Sometimes those of you who peruse this site may find it easy to forget that I’m actually quite the gamer.

No no, it’s true. I’ve got a game list longer than my arm (and most other arms for that matter) and a backlog that would give an accountant fits. I like video games. Multiple genres, multiple titles, multiple systems. Right now? I’m playing through The Legend of Zelda: Breath of the Wild and loving every minute (yes, it is every bit as fantastic a reinvention of an open-world game as the reviews claim).

Anyhow, being a gamer, I’ve got some favorite series I adore. And one of these is the titular Borderlands series.

Borderlands is an interesting one. Think Mad Max meets Diablo, in an FPS, in a distant Sci-Fi setting, and now throw in a bunch of kooky, dark humor, and you’ve kind of got the gist of it. Borderlands takes place on an abandoned mining world where (initially at least, since there are now four games in the series) crazed bandits (the descendants of prison convicts who were turned loose when a mining operation up and left) roam the desert landscape alongside monstrous alien life forms, as “Vault Hunters” battle both to try and track down a legendary alien cache of tech rumored to be somewhere.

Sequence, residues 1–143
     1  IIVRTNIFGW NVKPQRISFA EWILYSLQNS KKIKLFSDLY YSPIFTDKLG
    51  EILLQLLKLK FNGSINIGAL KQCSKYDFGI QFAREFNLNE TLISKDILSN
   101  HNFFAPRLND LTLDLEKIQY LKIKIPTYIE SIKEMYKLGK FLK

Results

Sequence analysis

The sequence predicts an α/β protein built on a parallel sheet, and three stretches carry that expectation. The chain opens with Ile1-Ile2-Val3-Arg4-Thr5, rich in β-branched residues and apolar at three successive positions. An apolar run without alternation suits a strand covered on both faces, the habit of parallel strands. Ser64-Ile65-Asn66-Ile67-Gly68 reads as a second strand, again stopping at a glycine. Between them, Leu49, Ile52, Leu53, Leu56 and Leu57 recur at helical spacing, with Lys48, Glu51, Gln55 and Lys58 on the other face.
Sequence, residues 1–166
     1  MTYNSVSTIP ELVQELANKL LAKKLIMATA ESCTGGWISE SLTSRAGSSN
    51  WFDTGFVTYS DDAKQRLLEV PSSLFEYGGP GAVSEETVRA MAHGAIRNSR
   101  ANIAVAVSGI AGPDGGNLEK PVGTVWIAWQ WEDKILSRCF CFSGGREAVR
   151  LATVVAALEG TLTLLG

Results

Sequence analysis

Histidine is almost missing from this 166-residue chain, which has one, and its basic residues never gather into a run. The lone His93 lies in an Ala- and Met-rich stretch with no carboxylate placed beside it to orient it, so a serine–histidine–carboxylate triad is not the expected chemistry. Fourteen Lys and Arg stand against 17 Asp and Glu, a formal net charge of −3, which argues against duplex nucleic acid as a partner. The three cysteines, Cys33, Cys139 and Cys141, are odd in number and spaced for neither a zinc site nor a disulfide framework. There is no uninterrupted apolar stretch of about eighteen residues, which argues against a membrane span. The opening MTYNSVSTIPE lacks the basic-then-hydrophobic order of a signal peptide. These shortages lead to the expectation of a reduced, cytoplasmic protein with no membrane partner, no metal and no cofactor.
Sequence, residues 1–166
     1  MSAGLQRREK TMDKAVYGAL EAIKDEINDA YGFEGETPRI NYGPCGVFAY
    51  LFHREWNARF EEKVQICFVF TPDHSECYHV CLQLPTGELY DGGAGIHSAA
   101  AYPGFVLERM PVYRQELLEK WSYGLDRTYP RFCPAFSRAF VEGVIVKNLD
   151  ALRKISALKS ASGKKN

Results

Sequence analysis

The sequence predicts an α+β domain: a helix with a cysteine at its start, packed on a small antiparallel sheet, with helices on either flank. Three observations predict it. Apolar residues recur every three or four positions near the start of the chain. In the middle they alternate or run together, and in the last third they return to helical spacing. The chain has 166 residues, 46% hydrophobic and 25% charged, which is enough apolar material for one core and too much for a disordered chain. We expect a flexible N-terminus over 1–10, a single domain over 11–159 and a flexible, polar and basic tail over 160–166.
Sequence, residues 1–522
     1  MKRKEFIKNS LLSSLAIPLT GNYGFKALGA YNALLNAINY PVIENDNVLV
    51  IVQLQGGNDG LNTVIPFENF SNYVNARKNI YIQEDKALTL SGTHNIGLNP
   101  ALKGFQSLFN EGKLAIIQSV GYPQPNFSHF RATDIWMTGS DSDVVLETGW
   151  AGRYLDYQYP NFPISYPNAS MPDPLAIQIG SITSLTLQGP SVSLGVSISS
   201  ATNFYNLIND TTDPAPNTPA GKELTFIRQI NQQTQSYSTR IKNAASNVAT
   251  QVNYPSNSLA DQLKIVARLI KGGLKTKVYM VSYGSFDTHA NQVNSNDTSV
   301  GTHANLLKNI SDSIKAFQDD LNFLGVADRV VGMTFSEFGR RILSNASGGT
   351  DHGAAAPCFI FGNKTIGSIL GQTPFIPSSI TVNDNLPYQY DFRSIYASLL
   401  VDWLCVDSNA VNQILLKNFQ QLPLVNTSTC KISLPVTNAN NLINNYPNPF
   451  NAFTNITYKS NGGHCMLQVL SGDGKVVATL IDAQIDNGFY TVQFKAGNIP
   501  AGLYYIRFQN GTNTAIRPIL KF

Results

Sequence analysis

It gets complicated fast, surprisingly. And there’s more to it, but that’s the gist of it. Anyway, the result is a fun universe I happen to enjoy with a lot of kooky humor, memorable characters … and plenty of shooting.

Anyway, what’s that got to do with today’s post? Well … today I want to talk about Borderlands: The Pre-Sequel. Yes, you read that right. That kooky humor extends to the titles as well.

In any case, I want to talk about TPS—specifically one of the things it got tragically wrong, and how it could have been fixed.

Hey hey, don’t click away yet. This thing that I want to talk about? It’s a writing problem. After all, this is a writing site. That’s most often what I talk about here. So this is writing related. I’m going to discuss what went wrong … and how the developers of TPS could have avoided it.

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The Question of Value Part 2 – Responses

Wow. What a weekend. Views for The Question of Value continue to pour in from every corner of the web, from everywhere from news aggregate sites to tumblr. And with those views came comments, questions, concerns, and even discussion.

Now, I did my best to read each of the reactions I got to The Question. In fact, I even went as far as to not just read the aggregate listings and response pieces, but comments posted there as well. And while some simply retreaded things that had already been discussed (one even tackled the dead horse subject I pointed out I was going to ignore … so I did ignore it) I found there was a lot being said.